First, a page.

This archived article is most ideal if you are using CorelDRAW 9 or 10. Version 8 should still be similar enough to make the information useful, but version 9 had significant advancements. If you are using CorelDRAW 11, 12, X3, or higher, my updated version of this article will be much better for you.
Let's do a simple project to reinforce how this all works. It is best if you have read the previous articles in this series, because this final article here will provide a hands-on approach to help you better retain what was covered so far. We will do what the program was designed to do, and what the name implies; get ready to DRAW! I'll show you a few techniques to enhance even a simple design, and delve into tool functionality that is beyond the ordinary to spark your creativity.
This is your road map, follow it carefully as you explore unfamiliar territory. Soon, you will know your way around. But for now, read the map so you will not have to stop and ask for directions. Shift into first gear to feel the raw power. Let the top down and feel the wind in your hair as we take this tour. For lack of a better way of saying it, this is the point where the rubber meets the road.
To illustrate that you don't have to sweat on your images, I created a quick sketch that is anything but perfect, but watch what happens as we progress through this project.
Download this graphic and follow the instructions below.
The graphic will open in a new window. Right click, then choose Copy.
Open a New CorelDRAW document, then choose Edit from the Menu bar, then Paste.
Depending on your browser settings, the image size might be huge using this technique. The height should be about 3 inches. If it is too big, use the settings on the Property Bar to reduce the image down to about 3 inches high. If it does not reduce proportionately (i.e. gets squashed into pancake shape), set the width to about 2.5 inches. NOTE: The lock icon will set the constraining of proportions on and off.
Next, open the Object Manager as shown near the beginning of the previous article.
Click on Layer 1 under Page 1 in the Object Manager (if Page 1 has a + sign next to it, click on that to reveal the properties of Page 1). With Layer 1 highlighted, click again, but do not double-click. Now type sketch and then press the Enter key.
Now click on the New Layer icon in the Object Manager and type head then press the Enter key.
Repeat Step 6 above adding the following layers in the order listed (each layer will add above the previous layer, so the order I am listing is from the bottom up when you are done): face, eyes, nose, mouth, ear, hat. It will now look like the screen below.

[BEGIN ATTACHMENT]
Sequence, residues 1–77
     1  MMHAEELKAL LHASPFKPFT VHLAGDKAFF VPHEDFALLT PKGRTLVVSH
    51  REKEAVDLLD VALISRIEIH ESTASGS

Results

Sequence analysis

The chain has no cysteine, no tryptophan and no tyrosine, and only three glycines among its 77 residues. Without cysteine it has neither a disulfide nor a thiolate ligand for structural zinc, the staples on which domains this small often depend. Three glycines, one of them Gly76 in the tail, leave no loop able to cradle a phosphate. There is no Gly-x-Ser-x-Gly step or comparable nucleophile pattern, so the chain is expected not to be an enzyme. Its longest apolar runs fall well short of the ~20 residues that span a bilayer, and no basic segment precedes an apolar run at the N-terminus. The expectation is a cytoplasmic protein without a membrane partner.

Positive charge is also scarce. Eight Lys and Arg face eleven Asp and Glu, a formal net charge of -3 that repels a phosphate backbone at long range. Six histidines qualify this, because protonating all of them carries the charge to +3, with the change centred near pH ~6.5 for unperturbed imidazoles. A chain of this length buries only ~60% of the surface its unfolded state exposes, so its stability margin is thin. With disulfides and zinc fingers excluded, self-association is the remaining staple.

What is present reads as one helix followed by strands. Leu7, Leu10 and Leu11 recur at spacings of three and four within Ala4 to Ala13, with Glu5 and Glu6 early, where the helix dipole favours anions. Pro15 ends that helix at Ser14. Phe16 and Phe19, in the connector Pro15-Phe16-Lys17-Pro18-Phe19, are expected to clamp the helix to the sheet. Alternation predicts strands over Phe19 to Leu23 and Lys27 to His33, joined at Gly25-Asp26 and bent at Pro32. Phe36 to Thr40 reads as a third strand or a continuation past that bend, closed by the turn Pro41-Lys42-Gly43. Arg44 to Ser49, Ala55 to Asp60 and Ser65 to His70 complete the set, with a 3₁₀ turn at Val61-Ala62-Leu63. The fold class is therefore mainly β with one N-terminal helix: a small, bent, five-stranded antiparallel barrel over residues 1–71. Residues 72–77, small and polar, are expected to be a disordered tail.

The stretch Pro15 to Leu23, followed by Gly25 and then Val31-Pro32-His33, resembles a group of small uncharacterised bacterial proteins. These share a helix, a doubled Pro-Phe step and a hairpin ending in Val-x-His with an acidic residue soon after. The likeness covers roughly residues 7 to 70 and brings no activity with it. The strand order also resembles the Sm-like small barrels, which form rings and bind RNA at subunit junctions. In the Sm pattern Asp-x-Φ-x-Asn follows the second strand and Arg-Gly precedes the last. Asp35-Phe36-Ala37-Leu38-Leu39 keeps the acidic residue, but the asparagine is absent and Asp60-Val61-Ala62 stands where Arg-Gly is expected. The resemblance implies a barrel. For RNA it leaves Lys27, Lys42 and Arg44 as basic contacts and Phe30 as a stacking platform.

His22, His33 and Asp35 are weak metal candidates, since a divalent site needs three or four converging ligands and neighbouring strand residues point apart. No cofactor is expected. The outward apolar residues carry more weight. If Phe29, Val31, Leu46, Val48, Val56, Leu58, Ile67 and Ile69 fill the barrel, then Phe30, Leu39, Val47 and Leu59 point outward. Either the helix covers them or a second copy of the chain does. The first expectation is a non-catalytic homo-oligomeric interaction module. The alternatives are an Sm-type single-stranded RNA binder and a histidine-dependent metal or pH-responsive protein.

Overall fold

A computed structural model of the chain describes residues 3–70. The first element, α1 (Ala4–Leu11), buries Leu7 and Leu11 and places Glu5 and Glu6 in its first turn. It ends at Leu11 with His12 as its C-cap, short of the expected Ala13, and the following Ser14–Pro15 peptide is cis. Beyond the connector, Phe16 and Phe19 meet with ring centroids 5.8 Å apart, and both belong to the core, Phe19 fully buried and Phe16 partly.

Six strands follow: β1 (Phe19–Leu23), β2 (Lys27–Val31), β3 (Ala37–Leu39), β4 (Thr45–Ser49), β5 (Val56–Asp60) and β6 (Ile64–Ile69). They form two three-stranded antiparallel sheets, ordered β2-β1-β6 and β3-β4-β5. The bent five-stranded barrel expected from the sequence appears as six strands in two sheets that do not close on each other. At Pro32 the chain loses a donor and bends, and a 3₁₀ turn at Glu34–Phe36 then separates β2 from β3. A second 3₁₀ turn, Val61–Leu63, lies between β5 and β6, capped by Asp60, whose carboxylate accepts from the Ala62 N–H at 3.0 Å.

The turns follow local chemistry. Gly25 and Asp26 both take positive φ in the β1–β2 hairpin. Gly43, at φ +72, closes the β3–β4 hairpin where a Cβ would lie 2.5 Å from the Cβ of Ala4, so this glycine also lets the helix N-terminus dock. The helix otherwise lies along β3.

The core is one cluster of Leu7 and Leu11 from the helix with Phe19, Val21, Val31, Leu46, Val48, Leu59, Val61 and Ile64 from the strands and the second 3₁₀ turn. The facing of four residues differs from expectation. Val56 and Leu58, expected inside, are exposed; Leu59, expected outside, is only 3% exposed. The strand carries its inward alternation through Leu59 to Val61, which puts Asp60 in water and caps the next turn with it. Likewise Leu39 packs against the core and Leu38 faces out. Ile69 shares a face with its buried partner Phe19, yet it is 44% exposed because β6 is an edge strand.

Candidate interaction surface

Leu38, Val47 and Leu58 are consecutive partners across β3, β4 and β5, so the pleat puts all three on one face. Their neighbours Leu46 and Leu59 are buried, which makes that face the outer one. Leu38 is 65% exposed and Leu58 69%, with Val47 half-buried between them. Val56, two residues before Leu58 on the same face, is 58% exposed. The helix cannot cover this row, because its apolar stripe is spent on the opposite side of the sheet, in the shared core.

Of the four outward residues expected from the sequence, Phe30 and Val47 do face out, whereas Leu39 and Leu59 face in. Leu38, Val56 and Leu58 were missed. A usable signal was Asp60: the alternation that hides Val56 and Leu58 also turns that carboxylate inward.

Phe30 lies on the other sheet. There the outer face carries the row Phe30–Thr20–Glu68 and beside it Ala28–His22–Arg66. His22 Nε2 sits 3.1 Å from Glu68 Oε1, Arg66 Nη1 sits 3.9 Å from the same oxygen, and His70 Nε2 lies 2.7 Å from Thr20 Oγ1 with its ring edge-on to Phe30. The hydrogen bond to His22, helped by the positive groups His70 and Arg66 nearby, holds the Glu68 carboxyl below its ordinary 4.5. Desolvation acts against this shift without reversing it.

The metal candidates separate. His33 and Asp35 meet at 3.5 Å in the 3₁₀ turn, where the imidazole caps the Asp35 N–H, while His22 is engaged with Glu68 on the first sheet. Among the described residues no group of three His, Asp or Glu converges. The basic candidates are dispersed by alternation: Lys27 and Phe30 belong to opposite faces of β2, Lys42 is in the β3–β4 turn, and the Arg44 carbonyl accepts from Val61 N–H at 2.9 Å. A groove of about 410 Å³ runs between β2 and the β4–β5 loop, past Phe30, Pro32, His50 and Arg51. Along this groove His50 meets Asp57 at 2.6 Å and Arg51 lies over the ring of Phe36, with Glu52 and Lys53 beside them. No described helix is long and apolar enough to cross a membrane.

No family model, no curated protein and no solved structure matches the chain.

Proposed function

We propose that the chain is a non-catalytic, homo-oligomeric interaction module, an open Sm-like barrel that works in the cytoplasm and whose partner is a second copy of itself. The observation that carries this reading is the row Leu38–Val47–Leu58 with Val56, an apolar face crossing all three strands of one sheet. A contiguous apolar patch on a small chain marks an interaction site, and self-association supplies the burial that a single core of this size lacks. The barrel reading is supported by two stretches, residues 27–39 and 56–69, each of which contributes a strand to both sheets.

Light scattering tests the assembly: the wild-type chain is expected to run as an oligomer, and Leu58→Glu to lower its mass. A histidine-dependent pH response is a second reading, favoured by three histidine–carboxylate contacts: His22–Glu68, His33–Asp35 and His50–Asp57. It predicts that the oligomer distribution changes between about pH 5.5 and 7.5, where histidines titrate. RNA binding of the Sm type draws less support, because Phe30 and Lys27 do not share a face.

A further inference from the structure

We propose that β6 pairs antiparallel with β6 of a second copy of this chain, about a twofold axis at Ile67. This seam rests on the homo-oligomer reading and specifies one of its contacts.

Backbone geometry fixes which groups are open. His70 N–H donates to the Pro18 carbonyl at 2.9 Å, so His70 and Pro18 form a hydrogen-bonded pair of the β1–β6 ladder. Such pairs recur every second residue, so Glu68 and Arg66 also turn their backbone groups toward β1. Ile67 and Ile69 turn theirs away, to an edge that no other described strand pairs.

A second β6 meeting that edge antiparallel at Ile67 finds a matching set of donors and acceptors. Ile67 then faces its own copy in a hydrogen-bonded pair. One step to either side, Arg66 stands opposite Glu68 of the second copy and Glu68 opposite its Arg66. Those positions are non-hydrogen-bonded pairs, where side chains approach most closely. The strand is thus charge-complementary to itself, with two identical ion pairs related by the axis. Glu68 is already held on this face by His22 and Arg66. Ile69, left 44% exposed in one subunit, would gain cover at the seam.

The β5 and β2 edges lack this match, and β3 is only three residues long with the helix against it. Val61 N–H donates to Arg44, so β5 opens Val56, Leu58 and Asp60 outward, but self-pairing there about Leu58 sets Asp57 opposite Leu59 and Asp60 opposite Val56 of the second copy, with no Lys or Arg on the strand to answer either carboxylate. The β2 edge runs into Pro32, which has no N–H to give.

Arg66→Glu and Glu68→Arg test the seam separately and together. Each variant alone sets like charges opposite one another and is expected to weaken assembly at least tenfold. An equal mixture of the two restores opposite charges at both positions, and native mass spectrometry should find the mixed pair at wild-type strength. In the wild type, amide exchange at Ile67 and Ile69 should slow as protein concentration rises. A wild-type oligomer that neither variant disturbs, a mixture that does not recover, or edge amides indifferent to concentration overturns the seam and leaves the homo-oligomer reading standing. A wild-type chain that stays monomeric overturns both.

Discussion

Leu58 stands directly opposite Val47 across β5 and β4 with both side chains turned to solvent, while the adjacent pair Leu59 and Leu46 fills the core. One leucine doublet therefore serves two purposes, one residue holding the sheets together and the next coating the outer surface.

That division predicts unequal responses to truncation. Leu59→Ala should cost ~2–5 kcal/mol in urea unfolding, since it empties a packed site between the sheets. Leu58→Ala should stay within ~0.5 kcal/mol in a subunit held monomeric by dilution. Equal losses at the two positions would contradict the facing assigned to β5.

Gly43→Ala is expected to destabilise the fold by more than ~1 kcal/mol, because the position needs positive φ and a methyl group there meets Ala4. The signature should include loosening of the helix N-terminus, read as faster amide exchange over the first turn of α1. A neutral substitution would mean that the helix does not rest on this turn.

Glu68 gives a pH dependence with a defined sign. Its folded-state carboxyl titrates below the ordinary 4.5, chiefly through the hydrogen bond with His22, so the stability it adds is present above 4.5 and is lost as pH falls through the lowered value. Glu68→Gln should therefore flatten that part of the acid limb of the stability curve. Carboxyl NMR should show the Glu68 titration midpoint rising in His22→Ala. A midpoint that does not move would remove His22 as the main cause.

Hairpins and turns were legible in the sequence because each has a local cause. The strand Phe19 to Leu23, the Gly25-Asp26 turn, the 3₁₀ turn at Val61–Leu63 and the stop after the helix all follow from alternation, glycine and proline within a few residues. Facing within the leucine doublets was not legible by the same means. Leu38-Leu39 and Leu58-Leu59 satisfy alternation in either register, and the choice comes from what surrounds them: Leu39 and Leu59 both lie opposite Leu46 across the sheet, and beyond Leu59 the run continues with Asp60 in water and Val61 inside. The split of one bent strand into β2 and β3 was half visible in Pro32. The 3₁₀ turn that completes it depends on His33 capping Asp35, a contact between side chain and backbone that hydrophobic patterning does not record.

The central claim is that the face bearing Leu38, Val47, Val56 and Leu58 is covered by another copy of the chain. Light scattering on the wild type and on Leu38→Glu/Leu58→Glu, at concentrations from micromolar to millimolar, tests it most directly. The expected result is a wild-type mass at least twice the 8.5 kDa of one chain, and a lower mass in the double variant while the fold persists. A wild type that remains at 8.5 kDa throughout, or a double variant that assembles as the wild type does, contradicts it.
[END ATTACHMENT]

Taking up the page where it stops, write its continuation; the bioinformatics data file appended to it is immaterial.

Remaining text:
One of the secrets to mastering a drawing is to identify your basic shapes. This sketch deliberately has ovals in it to keep this project a lot easier than it looks. Let's start drawing.
In the Object Manager, click the pencil icon on the sketch layer to prevent it from being selected or accidentally moved. Click on the head layer to activate it.
The next part will take some practice, don't worry about perfection, just try to get used to the techniques. I am showing the outlines in red below, so you can see how it works.
I started by drawing a simple ellipse as shown on the left above. When you click a second time after selecting the ellipse (do not double-click), you get a bunch of arrows. The corner arrows rotate the object, the middle ones skew it. The only way to get better with these is to practice. When you click again, you can go back to the sizing handles. Keep adjusting the proportions, rotation, and skewing to get the face like the middle shown above. By using the ellipse, you get a nice smooth flowing line, so this is a good technique to master. Next, as shown on the right, I created a couple duplicates of the ellipse, rotated and skewed them as needed, then hand drew the neck using the Bezier Tool like we did in the previous article.
You probably think this looks awful, but that does not matter right now. Select all the objects you just created on the head layer, then click the Weld icon on your Property Bar if you have it; otherwise, Arrange from the Menu bar, then Shaping, then Weld. Now you can fill with a flesh color (Faded Pink on the Standard color palette) and remove the outline if you have one.